At a cocktail party last weekend, I was introduced to a martini-wielding woman who wanted to know about my “gardening philosophy.” Since I was holding a martini too, the following words flew out of my mouth: “Learn from experience.”
And here, just for fun, are some of the things I’ve learned from designing, planting, and nurturing my own little corner of the world:
1. Always Put Off Until Tomorrow What You Could Do Today. In other words, avoid making rash decisions. Sure, the garden center’s half-priced magnolia tree might seem like a bargain. But don’t bring it home until you have pondered — very carefully — its realistic value in your garden.
2. Beware the “Free” Plant. From time to time, friends and neighbors will offer you perennials from their own gardens. More often than not, these “gifts” are limited to orange daylilies, or such invasive horrors as goose-neck loosestrife. Speaking from experience, few gardeners are willing to part with their choice treasures!
3. Do Your Digging on Paper. When planning a new border, work it out first on a sheet of graph paper, or, if you have a landscaping program installed on your computer, map it out there. Having a real plan — and sticking to it — will pay off in the long-run. Both your back and your wallet will thank me for this advice.
4. Practice Emphasis & Repetition. As you plan, strive for emphasis throughout the garden by repeating drifts of the same plants. Repetition gives the garden unity and strength. “One of everything” plantings always looks weak.
5. Consider a Water-Feature. Beverly Nichols once proclaimed that “A garden without a water feature is no garden at all.” Where money is scarce, and the garden is small and informal, a simple bucket sunk into a hole can count as a pond. Trust me — frogs and birds that gather there won’t complain. If money permits, consider a three-tiered fountain for a formal setting, or a moderately-sized, field stone-surrounded pond for a woodland garden.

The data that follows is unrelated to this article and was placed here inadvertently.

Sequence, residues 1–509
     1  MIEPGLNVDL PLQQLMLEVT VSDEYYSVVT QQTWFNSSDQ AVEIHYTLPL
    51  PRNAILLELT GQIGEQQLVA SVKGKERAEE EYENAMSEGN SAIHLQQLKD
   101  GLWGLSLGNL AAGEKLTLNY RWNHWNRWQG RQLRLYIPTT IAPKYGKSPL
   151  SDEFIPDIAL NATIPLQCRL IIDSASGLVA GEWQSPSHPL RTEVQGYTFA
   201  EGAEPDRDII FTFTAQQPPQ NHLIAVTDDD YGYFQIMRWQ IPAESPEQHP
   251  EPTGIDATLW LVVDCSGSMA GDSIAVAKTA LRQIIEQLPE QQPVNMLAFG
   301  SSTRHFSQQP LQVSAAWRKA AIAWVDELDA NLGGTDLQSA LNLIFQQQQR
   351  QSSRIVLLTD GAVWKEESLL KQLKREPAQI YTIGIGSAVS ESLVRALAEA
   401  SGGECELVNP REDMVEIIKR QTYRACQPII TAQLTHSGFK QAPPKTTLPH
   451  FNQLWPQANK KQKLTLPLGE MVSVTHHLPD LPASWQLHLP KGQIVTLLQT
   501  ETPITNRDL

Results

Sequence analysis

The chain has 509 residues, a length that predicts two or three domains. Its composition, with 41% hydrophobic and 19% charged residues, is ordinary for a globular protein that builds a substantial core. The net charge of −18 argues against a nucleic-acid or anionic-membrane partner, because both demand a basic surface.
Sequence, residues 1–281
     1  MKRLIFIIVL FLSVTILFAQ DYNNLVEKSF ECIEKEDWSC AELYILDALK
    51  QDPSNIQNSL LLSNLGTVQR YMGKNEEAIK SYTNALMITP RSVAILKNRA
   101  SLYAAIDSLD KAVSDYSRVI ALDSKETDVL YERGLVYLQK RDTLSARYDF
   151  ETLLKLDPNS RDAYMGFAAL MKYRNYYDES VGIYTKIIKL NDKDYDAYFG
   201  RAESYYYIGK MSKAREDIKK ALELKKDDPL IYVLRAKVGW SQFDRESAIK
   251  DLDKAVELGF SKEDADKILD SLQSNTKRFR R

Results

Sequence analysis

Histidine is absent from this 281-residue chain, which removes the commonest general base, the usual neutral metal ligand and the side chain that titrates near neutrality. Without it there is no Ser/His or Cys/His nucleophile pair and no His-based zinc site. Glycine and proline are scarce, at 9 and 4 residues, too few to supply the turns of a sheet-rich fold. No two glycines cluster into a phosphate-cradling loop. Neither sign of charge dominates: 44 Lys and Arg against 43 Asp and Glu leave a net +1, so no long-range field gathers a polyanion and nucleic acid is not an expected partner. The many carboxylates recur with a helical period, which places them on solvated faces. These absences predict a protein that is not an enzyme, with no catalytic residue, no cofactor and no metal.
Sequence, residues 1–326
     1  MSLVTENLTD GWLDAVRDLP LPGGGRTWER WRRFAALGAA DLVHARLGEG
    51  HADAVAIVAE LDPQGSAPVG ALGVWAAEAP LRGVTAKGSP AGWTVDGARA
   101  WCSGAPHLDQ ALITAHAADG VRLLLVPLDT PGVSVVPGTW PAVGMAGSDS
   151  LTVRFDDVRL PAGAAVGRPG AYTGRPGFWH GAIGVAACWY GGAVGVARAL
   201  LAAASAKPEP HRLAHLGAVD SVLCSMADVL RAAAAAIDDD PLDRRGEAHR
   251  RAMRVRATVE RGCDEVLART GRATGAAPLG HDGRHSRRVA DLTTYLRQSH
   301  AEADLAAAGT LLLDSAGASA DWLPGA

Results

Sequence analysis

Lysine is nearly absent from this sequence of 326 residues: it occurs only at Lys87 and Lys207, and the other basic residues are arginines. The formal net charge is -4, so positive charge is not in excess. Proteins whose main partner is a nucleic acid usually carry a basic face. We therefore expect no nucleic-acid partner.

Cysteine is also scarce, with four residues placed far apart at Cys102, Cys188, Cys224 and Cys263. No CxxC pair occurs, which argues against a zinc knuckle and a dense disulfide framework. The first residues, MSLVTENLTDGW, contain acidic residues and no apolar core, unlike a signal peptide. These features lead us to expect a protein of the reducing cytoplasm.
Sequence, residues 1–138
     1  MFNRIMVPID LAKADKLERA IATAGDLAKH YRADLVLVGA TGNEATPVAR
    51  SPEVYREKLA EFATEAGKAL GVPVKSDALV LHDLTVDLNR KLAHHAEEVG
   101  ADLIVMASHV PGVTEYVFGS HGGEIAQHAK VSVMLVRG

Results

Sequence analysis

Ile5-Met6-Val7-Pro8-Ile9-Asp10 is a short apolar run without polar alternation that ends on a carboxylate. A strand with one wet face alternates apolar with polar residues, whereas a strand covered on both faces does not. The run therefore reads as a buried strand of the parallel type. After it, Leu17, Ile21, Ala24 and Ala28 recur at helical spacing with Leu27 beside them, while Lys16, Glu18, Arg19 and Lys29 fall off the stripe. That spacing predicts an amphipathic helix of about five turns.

6. Increase Your Space. If your propert is small, enlarge it. Plant a tall hedge of arborvitae bang in the middle of your yard, leaving, of course, a 4-foot-wide passage-way at its center. Visually, this will double your territory — and hence your pleasure.
7. Frame your Picture. When you enclose your property with a wooden fence or an evergreen hedge, you instantly produce an artist’s landscape, regardless of what grows within it. Like a framed painting, a framed yard is visually more appealing than an open, unrestrained one.
8. A Formal Garden Makes Light Work. Contrary to popular thinking, a formal garden with straight lines and definite curves is far easier to maintain than a “cottage”-type informal one. My boxwood garden — a series of geometric patterns framed with upright yews — requires nothing more than shearing once or twice each year to keep its looks. Meandering perennial gardens, although glorious to behold, require massive upkeep to look their best. Just ask anyone who has attempted to follow in Gertrude Jekyll’s footsteps.
Now…what about you? What lessons have you learned from your own gardening adventures?
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More Gardening, Cooking and Decorating Fun:
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My Herb Garden, or How To Decorate Rich (Even When You’re Not)
From Hellish Hill to “Serpentine Garden”
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Crusty Sourdough Boule
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